The good news is that said tasks can be done; they just take a little more time and patience (which, I’ll admit, I do not always possess). Except for a half dozen boxes and the pictures that still need to be put up, I’ve made enough progress with it that it now looks more like a home than a warehouse. That alone is reason enough to celebrate, so I finally had a small housewarming party over the weekend.
The celebration was twofold actually: I had my cute little apartment to show off and I had a sponsored dinner party to throw that night. Since I’m the type that feels guilty not offering guests something on which to nibble no matter how casual the gathering, I figured this would be a great way to multitask: I’d have some awesome folks over and they’d eat like kings & queens!
I’ll be posting the recap of the dinner party later this week, but I just couldn’t wait to share the recipe to one of the dishes I whipped up for the occasion. It’s fresh, seasonal, lovely to look at, and so friggin’ good I’ve had it for dinner three nights in a row. And it brings out the cultural anthropologist in me.
Panzanella, an Italian bread salad popular in the summer, is one of those dishes that makes me appreciate how other cultures make the most out of very little. Rather than throw out precious food because it’s not perfect, people have simply figured out different ways to use what they had on hand, oftentimes with delicious results.
And that’s exactly what I try to do on PGEW.
This particular dish is pretty much a rescue mission for those last bits of bread that have gone too hard and stale to enjoy on their own.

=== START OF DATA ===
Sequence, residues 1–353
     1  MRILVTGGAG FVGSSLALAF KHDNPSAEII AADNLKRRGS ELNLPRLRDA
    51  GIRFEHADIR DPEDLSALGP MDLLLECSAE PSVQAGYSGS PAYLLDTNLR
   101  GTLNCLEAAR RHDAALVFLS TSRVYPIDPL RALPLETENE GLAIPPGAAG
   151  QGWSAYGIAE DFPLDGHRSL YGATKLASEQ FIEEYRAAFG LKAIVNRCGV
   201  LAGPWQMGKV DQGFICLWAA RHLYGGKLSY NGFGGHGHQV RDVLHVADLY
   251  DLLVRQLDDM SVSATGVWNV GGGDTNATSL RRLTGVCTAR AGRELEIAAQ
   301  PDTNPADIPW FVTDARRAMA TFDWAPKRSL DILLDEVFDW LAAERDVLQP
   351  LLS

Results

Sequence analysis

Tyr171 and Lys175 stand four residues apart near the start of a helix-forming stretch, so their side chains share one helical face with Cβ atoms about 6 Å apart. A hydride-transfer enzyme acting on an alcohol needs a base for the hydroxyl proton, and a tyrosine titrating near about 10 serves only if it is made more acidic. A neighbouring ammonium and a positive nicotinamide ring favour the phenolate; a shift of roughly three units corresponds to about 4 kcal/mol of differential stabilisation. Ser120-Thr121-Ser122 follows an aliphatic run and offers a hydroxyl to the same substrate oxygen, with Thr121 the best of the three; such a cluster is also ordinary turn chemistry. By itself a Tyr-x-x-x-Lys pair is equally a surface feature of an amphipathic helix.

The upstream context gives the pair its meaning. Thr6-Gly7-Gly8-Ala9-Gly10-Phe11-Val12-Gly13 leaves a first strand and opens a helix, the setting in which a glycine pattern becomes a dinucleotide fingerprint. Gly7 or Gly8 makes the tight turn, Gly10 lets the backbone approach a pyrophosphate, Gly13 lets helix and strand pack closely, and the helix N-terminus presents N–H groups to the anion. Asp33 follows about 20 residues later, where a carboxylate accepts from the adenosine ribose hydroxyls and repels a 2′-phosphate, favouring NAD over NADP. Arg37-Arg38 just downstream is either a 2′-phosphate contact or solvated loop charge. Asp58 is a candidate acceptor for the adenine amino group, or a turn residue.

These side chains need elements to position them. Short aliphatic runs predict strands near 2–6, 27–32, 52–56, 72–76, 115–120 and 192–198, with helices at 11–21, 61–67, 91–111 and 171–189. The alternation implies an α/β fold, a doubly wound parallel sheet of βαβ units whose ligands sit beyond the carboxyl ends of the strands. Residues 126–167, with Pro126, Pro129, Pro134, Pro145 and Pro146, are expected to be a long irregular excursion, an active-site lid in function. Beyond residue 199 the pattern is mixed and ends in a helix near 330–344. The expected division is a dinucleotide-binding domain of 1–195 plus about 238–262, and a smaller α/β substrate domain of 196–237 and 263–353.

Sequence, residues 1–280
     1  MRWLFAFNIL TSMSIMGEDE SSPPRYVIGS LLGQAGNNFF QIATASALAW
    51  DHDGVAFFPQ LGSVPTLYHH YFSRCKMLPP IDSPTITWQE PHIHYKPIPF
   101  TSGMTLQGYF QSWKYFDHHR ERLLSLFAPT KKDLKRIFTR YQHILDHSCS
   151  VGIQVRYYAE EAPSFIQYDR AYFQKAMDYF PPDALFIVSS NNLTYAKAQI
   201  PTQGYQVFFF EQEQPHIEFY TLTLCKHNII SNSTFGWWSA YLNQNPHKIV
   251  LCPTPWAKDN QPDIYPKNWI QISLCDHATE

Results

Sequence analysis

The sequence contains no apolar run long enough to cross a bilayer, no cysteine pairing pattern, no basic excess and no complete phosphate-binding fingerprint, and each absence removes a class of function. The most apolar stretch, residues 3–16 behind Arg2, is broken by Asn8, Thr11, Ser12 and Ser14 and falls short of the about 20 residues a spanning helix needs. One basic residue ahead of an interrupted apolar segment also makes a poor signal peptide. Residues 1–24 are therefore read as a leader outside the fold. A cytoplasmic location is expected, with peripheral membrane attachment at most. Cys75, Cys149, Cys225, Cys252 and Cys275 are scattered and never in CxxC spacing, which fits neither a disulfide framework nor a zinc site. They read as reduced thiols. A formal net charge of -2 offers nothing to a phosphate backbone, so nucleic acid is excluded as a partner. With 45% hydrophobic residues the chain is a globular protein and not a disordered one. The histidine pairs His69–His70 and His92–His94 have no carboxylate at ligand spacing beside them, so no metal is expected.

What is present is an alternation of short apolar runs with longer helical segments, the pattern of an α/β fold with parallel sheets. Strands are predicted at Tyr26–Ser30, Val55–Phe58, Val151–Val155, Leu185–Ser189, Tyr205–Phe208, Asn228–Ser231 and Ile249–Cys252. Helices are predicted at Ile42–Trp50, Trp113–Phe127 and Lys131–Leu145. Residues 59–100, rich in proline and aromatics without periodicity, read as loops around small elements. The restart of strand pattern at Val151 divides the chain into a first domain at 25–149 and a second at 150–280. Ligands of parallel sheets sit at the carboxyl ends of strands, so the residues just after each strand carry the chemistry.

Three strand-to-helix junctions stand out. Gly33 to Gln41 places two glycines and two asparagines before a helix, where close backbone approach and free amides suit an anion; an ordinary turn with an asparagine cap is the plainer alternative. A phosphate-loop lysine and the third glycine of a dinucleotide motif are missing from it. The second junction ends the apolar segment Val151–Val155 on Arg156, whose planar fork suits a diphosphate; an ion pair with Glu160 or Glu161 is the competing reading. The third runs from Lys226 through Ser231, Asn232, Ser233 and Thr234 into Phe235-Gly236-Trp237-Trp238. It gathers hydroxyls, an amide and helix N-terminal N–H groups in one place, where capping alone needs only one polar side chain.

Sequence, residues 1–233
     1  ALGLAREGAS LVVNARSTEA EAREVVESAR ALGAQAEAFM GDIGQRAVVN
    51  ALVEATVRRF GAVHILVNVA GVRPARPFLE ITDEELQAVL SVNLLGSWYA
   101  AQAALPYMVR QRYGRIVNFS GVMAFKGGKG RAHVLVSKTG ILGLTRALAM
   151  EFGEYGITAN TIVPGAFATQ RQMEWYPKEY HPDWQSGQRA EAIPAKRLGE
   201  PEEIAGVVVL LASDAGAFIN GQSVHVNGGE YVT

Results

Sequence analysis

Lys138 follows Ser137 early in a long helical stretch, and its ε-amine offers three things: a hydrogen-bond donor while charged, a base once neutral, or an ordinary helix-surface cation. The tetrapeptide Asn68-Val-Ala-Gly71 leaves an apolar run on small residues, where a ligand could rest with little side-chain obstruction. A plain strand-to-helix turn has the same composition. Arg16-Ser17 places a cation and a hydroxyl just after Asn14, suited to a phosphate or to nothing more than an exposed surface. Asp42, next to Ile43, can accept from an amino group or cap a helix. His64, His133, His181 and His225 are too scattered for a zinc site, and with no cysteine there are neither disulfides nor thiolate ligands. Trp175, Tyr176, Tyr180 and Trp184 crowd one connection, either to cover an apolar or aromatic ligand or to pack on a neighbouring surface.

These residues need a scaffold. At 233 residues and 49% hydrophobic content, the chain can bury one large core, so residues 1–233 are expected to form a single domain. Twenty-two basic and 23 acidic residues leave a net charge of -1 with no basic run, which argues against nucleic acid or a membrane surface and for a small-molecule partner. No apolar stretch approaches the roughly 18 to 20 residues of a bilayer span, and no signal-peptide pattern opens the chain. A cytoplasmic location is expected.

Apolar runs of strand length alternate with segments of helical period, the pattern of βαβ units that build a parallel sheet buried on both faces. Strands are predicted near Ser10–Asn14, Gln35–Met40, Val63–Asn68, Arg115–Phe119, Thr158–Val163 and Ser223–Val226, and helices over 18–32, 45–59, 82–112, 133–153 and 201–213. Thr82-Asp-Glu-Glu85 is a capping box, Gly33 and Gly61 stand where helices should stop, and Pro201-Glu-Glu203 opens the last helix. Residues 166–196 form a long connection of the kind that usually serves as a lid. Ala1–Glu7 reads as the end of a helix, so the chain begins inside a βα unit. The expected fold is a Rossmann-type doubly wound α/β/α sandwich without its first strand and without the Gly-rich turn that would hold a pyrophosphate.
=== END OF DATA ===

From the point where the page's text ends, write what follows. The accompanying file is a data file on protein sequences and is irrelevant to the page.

Traditionally, the bread is soaked in water & squeezed dry, then it’s tossed together with simple, yet delicious ingredients like tomatoes, onions, basil, olive oil & vinegar. A little sprinkle of salt & pepper later and presto! Tough bread is now a lovely salad.
I thought it would be nice to do something a little different for my version of Panzanella. Rather than soaking stale bread (which I didn’t have on hand), I pan-grilled mine with some olive oil. It gave the bread a nice golden color and a special flavor & texture. And since I’ve been having a lot of fun using strawberries in place of tomatoes in things like salads and salsas, I thought it would be fun to do so here as well. They offer the same vibrant red hue that’s peppered throughout the salad, only with a surprisingly sweet kick.
With crisp spring greens, some gruyere I scored at Grocery Outlet (of all places!), and a homemade strawberry-balsamic vinaigrette, this salad is a definite departure from traditional Panzanella, but every bit as delightful. It’s fabulous as an entree salad or as part of a larger spread for summer potlucks or the occasional housewarming party (where it was an absolute hit). Let’s check out the recipe!